Our next meeting date is in early May, and the topic is TOP SECRET. It will be announced in the next blog entry after all of the details have been planned out, but I can assure you that if you only go to one meeting this year, make it the May meeting. It will be a once in a lifetime event...
Sunday, March 22, 2009
In addition, in the interest of making the meeting more "hands on", it would also be beneficial if members brought some wood to turn and core. With access to enough "stock", we should be able to have everyone cut a core to create a nested set of bowls to take home and finish turn at their leisure! Please remember that the Oneway 1224's can turn up to 12" and your home lathe will need to accomodate the cores at some later point (mini lathe owners)!
If nobody brings wood, it will be a short meeting. Coring a bowl takes about 2 minutes. Please remember to BYOW!
Saturday, March 7, 2009
Monday, March 2, 2009
I know Dennis from NJ Woodturners and I asked him for a syllabus. Here's what he's proposing:
A) A 15 minute slide show on some of my work.
B) A 30 minute session on log identification called "From Road Kill to Lathe" This covers the identification of the most popular trees in the North East and some very creative ideas as to what to do with them.
C) A 4 to 5 hour demo on "Decorative Platters" – Design, turning, carving, ebonizing, painting, burning, metal inlays, egg shell, branding, ostrich skin, mud matting
Dennis Fuge has been wood turning for about 38 years. He turned his first item is South Africa when he was 15 years old during the compulsory school wood working class. It received a failing grade, but for him that was not at all important as it started him on my love affair with wood and the beauty which can be created on the lathe. He continued with my wood turning while living in Hong Kong, but for the 10 year he lived there he did not meet a single wood turner. In fact the first 30 years in woodturning we very lonely as he only met 2 other turners during that period, both of those were during his travels to Zimbabwe.
It was only when he came to live in the USA in 1998 that his contact with other turners and artist absolutely exploded. He now lives in Mendham, New Jersey and is a well know demonstrator in the Northeast and is a active contributor to the New Jersey Woodturners Chapter.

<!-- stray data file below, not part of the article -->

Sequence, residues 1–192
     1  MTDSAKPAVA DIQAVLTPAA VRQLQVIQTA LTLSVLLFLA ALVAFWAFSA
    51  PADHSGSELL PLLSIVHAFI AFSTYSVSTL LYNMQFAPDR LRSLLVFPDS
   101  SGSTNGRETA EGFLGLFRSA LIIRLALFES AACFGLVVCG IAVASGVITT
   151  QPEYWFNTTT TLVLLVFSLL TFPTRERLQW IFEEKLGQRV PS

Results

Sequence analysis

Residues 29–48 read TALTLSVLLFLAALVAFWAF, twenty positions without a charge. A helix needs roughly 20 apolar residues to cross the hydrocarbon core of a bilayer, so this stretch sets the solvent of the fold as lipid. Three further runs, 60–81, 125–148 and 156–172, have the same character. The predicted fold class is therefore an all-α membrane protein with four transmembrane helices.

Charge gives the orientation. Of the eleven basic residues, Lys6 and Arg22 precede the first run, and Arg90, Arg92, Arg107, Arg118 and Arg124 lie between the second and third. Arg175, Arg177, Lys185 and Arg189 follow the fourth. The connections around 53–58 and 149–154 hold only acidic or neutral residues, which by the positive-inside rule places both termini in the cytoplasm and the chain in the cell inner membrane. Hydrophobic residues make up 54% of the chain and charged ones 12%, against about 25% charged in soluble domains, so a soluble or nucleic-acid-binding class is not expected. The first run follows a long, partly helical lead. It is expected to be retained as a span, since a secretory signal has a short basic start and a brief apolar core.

Saturday, February 14, 2009
Our origins are also somewhat unique. The club was charter by Steve Butler, who heads up the woodworking program at Peters Valley. The funny thing is that Steve is not a woodturner. I keep telling him that it's somewhat disturbing to have our president not know how to use a lathe, and we kid about having to get him some lessons.
But that's what makes this club so special. Folks from all walks of life can get together around a common topic, woodturning, and socialize in a GREAT facility. I think that our willingness to learn from each other coupled with our access to great equipment (9 Oneways- are you jealous? :-)) is a winning combination. And we are not afraid to make shavings...
Peters Valley recently instituted a woodturning program that has had Michael Mocho, Beth Ireland, Graeme Priddle, and Mark Sfirri just to name a few. Many of the instructors in the woodturning program make time to demonstrate to our group, and there's always something going on during the warmer months at Peters Valley woodshop.
If you are looking to take a great class in a quiet corner of NJ, you can find Peters Valley on the internet @ http://www.pvcrafts.org/. This year's line-up includes Harvey Fein, Craig Nutt, Beth Ireland, and Lee Alexander. Peters Valley also has photography, fine metals, blacksmithing, fibers, ceramics, and woodworking programs.
If you get a chance to take the ride up to Peters Valley this summer, stop by the woodshop and we'll show you around.
Thursday, February 12, 2009
This Blog will serve as an announcement board, tips and tricks, and your online newsletter for the WGW. It will be published periodically (when I get to it, when someone sends me something to publish (hint, hint), or shortly after our meetings) to inform members of what's going on, what's coming, and hopefully, as a means of directing new members to what we are all about.
If you need to forward a link to someone, we should be reachable at:
Look forward to seeing everyone in March.